Friday, Nov. 27th the School Administration will do a staff assessment of health and wellness The School Administration will then make a determination of how school will proceed for Monday, Nov. 30th and communicate plans to all families via robo call and email. There is a chance plans could differ by building. This communication will come no later than 7:00p.m. Friday, November 27th.
If parents have specific questions, please direct your questions to your child’s teacher or building Administrator.
The Lakewood girls Volleyball teamed defeated Lansing Catholic 3-0 Thursday to advance to the Quarterfinals. Lakewood will now play Ann Arbor Father Gabriel this Tuesday November 17th at 7:00 PM at Tecumseh High School.
As the number of cases and positivity rates of COVID-19 continue to climb in our community, Spectrum Health is seeing significant increases of patients being admitted to its hospitals. Therefore, the health system announces changes to its visitor policies. The revisions are intended to reduce the number of people in its Grand Rapids and regional hospitals and outpatient care sites in order to help prevent the spread of illness and protect patients, health care workers and our communities.
Effective Thursday, November 12 at 6 a.m., adult patients are allowed no family members or visitors, unless they have cognitive impairment or need significant assistance with the activities of daily living. Those with exceptions must have the same visitor during their entire stay. The following exceptions will apply:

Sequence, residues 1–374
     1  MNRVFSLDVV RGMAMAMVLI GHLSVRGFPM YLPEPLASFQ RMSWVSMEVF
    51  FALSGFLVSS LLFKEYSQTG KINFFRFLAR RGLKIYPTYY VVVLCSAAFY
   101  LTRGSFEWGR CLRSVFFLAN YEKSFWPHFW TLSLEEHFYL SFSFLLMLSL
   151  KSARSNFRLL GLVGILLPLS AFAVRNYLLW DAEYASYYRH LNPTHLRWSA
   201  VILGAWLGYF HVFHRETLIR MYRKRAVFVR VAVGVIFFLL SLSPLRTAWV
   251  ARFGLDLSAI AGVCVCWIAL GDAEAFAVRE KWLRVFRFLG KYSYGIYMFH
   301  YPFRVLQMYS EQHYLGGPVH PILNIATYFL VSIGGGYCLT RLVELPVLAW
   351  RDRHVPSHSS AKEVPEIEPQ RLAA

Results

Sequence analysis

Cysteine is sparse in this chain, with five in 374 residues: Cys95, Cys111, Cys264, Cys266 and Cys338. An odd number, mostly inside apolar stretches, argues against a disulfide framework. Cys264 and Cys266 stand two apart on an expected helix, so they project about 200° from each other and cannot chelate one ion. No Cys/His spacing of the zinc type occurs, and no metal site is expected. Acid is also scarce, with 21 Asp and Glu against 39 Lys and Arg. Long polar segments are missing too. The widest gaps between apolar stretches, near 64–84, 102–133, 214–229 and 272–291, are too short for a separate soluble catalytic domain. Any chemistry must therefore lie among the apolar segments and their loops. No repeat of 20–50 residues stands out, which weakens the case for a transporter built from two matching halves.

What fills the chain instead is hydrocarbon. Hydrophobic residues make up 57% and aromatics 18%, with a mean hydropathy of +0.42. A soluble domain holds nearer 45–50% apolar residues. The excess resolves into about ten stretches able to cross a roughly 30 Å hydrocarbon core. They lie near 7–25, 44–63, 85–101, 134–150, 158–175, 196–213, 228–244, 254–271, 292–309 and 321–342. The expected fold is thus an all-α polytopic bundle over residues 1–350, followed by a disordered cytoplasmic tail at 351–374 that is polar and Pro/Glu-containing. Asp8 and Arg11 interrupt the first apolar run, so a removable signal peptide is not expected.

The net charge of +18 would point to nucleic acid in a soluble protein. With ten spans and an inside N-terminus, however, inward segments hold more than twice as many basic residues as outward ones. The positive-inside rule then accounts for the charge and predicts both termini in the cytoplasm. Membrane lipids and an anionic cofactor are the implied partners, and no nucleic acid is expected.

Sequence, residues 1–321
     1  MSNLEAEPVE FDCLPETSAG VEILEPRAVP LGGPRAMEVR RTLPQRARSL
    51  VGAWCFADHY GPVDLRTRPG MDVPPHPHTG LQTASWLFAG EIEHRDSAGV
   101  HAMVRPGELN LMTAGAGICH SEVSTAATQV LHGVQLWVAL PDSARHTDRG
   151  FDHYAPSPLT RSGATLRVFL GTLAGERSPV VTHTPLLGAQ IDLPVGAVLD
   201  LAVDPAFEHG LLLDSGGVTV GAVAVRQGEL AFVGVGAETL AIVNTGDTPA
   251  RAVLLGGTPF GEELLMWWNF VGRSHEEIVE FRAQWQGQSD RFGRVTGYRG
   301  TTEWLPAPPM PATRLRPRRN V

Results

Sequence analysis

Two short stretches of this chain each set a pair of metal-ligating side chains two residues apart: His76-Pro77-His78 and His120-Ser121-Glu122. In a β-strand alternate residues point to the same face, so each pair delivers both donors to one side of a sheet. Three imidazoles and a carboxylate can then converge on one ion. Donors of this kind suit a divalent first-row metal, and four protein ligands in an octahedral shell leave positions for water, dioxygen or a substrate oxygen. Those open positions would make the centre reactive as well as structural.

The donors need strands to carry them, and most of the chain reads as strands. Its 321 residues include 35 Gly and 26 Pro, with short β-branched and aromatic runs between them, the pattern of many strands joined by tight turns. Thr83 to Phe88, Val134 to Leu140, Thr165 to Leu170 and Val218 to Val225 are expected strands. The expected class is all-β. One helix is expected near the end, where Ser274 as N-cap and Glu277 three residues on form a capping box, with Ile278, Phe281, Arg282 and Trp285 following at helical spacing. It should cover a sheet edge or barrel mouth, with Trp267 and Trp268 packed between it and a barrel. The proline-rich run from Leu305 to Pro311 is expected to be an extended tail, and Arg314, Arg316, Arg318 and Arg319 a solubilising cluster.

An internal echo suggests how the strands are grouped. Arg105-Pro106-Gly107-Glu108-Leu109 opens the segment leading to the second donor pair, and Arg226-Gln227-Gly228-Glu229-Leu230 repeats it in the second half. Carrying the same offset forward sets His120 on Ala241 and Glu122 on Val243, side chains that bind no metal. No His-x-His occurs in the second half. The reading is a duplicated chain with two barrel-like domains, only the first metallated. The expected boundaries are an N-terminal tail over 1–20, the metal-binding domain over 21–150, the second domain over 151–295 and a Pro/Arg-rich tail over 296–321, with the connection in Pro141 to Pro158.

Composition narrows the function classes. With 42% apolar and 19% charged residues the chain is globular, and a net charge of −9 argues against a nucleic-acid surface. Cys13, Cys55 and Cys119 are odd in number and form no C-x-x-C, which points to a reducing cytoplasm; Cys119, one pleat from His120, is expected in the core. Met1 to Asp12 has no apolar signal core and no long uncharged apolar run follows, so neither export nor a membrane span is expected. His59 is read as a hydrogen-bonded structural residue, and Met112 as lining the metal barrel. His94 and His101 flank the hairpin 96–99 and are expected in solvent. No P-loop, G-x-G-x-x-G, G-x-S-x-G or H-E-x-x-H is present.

-- Patients with COVID-19 are not allowed in-person visitors, however the care team will work with patients and families to coordinate virtual visits.
-- Labor and delivery obstetrics patients are allowed one adult family member or visitor.
-- Intensive care unit (ICU) patients may have one adult family member or visitor between the hours of 6 a.m. and 9 p.m.
-- Hospital surgical patients may have one adult family member or visitor in the surgical waiting area during the time of surgery.
-- Emergency department patients with cognitive impairments are allowed one adult family member or visitor.
-- Outpatient radiology, lab, rehabilitation patients with cognitive impairments or who need physical assistance are allowed one adult family member or visitor.
-- Patients at Spectrum Health Medical Group physician offices, urgent care, surgical and endoscopy centers are allowed one family member or visitor.
For pediatric patients, the following exceptions remain in place: